I like showing my imagination. Sometimes people are scared to express themselves, and hope I’m sort of a role model for people who want to be whoever they are. Do you know what? I get stopped in the street all the time by people wanting to know where I got my bag or my dress or whatever. It’s a far cry now from how it used to be. Sixty years ago, my mother would say: “Just walk behind me”.
Does your own experience of the Menopause help you when approaching Hot Flush the Musical?
Most definitely. One of the women in the script says, “I don’t know why I’m like this. This is ridiculous.” I remember feeling that way – it was such a mystery suddenly not knowing yourself any more. When you’ve been through the menopause yourself, you’re so relieved you’re not going through it now. That said, I do feel that it’s given me more insights into absolutely everything.
Hot Flush helps women to laugh about what they’re going through. Why is that important?
You have to laugh in life. I’m not political but let’s just put it this way: we’re not a very happy, united country at the moment. It’s the most marvelous thing for people to be able to come to the theatre and think, “I’m going to enjoy this.”
Everybody, no matter who they are or what they do, everybody feels better when they’re laughing – it releases endorphins. With this particular topic, it’s also helpful for women who might be a little worried or scared. Or women who want to prepare themselves for what’s ahead.
The ultimate message for women is: you’ll all go through this but, don’t worry, it’s natural and you will get through it. There’s one bit where we sing that, “Girls, although you’re going through it, the future will be yours.’” It’s very upbeat.
Should men also see Hot Flush?
Yes, I think men will benefit from the show as well. Sometimes they might be dragged along by their wives and they might not want to go, but they’ll be able to see where the lyrics are coming from. Men should know that they can come without fear of being ridiculed, because we know what they’re going through too while their wives are menopausal.
It’s sad that many men don’t feel comfortable talking to their wives about menopause, they just distance themselves. If only men realised women really need their support. And that’s not all about sex – because, let’s face it, you go right off that. All a lot of women are looking for is a hug and some reassurance.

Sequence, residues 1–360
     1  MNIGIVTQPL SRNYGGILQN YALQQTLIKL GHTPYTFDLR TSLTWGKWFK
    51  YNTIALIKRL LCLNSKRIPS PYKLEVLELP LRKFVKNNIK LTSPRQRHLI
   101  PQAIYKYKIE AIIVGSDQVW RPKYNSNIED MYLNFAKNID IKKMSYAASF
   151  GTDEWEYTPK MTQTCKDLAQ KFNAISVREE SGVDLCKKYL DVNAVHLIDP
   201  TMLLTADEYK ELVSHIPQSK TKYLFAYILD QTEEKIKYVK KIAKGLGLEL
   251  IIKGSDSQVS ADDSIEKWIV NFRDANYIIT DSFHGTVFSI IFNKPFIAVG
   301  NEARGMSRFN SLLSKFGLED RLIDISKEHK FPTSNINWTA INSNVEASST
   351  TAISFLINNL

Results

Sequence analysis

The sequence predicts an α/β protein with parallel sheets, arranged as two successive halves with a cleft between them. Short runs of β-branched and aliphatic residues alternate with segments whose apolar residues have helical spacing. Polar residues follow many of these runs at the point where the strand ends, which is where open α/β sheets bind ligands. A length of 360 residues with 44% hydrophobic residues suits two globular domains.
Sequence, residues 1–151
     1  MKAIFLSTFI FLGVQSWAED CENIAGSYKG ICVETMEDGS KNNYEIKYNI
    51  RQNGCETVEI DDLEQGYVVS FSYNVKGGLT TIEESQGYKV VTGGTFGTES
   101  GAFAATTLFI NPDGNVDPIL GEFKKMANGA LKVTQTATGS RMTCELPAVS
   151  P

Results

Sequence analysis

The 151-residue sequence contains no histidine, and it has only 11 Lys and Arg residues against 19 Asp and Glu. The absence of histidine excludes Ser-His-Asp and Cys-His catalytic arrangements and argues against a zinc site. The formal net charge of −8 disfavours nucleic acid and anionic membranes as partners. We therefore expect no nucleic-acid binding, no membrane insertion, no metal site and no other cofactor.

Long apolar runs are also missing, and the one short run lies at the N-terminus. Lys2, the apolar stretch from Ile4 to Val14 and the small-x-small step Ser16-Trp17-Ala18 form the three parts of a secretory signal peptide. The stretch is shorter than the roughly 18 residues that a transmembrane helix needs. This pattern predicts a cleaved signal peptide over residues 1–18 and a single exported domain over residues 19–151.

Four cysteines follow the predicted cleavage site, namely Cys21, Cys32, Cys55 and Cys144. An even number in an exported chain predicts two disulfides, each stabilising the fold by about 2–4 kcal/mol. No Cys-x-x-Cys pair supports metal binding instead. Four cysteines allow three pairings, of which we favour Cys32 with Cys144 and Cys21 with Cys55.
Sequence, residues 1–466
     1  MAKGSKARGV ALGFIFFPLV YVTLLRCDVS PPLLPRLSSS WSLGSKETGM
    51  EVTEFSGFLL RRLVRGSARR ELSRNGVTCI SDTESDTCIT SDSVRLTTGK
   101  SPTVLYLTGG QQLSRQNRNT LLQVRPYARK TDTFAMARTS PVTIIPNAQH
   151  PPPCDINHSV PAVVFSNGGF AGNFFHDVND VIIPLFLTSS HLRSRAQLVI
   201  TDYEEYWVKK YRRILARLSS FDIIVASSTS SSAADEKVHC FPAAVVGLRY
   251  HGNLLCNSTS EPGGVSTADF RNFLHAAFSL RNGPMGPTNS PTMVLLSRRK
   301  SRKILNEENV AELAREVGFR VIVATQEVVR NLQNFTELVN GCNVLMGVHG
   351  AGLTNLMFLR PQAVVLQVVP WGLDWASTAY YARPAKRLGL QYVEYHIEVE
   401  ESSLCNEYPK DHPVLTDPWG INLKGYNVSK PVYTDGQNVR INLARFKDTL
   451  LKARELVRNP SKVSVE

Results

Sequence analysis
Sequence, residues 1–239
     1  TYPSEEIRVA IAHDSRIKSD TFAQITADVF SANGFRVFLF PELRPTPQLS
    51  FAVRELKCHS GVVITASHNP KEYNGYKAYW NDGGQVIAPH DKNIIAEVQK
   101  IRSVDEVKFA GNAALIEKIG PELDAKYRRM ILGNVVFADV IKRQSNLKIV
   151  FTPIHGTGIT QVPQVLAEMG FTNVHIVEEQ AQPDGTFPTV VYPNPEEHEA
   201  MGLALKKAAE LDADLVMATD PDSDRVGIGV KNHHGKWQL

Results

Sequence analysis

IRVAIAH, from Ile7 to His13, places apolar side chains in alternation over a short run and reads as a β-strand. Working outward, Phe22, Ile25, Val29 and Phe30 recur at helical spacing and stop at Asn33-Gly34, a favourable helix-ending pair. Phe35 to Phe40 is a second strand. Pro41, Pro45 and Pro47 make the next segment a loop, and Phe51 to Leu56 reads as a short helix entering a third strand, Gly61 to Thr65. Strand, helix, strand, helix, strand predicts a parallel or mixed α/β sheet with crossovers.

Tell us about your character.
Helen is a widow who is still very loyal to her late husband, and she has a daughter at university. She’s quite straightforward and likes to just get on with stuff. During the show, Helen realises it’s her time now, time for her to start living for herself – and she embraces what’s happening. When she meets her new Mr Right, she thinks, “I’m going to give this a good go now.” She’s fabulous..
Do you enjoy touring?
I absolutely love it. I really do. I’ve already been to a lot of the places Hot Flush is going on tour so that’s really handy: you know exactly where the theatre is, you know where the Wetherspoon’s is – and that’s vital for bonding after the performance.
Touring is great, as long as you know what you’re in for. It’s all-encompassing so you’ve got to have stamina and you’ve got to establish a proper routine. Once you’ve got things in place, you can just enjoy the rest of it. I’ve enjoyed many years of touring in my career.
How do you feel looking back on your career?
I’ve enjoyed every single thing I’ve done in its own way. There’s always a reason for each thing. I might’ve been in something just because I liked one scene in it. You have to go with that. I’m also really pleased that I’ve embraced every bit of showbiz. Variety is good.
Whatever I do in my life, I like to think, “I’m pleased with that decision”, because then there are no regrets looking back. I have no regrets.
Hot Flush tours from 12 September to 22 October 2019